Iranians switch to informal savings funds
Financial Times
12-Mar-2010 (one comment)

Ordinary Iranians are expanding an informal network of savings funds because the established banks are struggling under the impact of international sanctions and bad loans totalling $45bn (€33bn, £30bn).

There is no estimate of how many of these funds exist, but the anecdotal evidence suggests their number is growing and middle-class people are becoming involved in this parallel financial system.

Obtaining loans from banks is becoming more difficult, forcing people to make their own arrangements.

About 30 drivers in a taxi agency in Tehran have shares in sandogh , or fund, number three. Each share costs $2 per day; every month four members of the fund receive loans of $600 each. All member are guaranteed one loan per share during the 10 months the fund is supposed to last.

"It is a savings fund and doesn't have the uncertainty of the banking system, which might or might not give you a loan," says Ahmad, one of the drivers who has four shares and hence can receive four loans. "My mother is also saving money in a fund of housewives among our female relatives."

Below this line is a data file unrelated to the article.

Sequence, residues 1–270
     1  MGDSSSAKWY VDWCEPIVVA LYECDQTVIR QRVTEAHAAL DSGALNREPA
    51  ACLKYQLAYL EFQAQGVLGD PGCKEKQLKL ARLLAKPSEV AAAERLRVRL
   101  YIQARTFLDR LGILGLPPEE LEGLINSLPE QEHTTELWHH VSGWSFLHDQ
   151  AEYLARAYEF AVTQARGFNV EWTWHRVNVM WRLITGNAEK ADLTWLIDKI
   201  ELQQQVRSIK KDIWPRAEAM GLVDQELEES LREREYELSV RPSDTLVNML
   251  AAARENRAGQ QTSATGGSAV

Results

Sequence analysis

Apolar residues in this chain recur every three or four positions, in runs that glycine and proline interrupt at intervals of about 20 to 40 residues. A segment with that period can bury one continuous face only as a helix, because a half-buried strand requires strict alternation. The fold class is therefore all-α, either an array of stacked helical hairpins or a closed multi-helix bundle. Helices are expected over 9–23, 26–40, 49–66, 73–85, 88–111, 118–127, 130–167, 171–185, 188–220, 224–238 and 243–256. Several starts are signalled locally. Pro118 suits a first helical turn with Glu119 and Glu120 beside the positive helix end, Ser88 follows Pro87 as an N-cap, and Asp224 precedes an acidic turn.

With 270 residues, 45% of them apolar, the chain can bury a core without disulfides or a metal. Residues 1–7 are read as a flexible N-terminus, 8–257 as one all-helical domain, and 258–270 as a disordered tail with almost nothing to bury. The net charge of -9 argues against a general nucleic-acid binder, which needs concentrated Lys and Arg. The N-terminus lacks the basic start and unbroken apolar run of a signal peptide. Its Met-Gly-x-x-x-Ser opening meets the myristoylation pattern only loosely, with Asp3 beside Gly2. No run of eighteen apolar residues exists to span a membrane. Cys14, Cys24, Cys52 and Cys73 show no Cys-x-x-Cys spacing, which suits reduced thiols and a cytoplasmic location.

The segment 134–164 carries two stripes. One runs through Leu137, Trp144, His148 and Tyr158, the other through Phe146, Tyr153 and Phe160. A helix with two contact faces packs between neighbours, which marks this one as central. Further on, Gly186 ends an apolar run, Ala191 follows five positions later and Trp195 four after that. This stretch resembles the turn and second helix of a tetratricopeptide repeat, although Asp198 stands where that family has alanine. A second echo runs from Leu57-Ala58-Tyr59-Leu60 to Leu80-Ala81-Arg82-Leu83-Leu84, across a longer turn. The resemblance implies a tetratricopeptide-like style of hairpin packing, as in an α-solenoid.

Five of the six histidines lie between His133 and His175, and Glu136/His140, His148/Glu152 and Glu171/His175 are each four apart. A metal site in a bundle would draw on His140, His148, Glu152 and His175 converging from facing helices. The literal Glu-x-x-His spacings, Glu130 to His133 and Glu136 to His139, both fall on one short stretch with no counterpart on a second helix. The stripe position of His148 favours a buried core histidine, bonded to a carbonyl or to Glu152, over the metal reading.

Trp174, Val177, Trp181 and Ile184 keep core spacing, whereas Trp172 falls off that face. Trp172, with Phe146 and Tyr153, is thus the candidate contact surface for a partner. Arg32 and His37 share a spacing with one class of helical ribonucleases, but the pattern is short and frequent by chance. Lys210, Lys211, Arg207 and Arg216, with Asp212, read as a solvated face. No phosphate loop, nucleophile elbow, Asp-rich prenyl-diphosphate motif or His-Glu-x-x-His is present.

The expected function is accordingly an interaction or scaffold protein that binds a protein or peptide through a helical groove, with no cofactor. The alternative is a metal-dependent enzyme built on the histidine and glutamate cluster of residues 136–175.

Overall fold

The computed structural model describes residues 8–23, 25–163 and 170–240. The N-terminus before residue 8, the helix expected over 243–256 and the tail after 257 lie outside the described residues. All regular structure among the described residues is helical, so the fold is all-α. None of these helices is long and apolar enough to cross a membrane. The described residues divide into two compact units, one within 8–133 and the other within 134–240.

The head of the taxi agency, along with a driver who is a retired teacher, are jointly trusted to run the fund.

Another driver said the fund helped "us buy the things we cannot afford under normal conditions, like a washing machine, for instance, for which we have zero chance to get bank loans".

The government denies that the formal banking system routinely refuses t... >>>

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Nothing new and has nothing to do with the sanctions...

by seamorgh on

Such funds have existed for hundreds of years both in Iran and elsewhere. In Iran, they call it Gharzol Hasanah Fund (sandogheh gharzol hasaneh) and almost all mosques and organized societies have such funds. In financial literatures, they call them Rotating/Accumulating Savings and Credit Associations (ROSCAs/ASCAs). They are set up easily and its only enforcement mechanism is trust and shame. Individuals contribute to a fund and fund gives loans to contributing members who would request a loan. Usually the loan is just given through a raffle. The problem with them though is that they have a tendency to go bankrupt. All it takes is for one of the parties not to be able to pay back the loan. And when these funds go bankrupt, the friendship and trust among the members also go down the tube.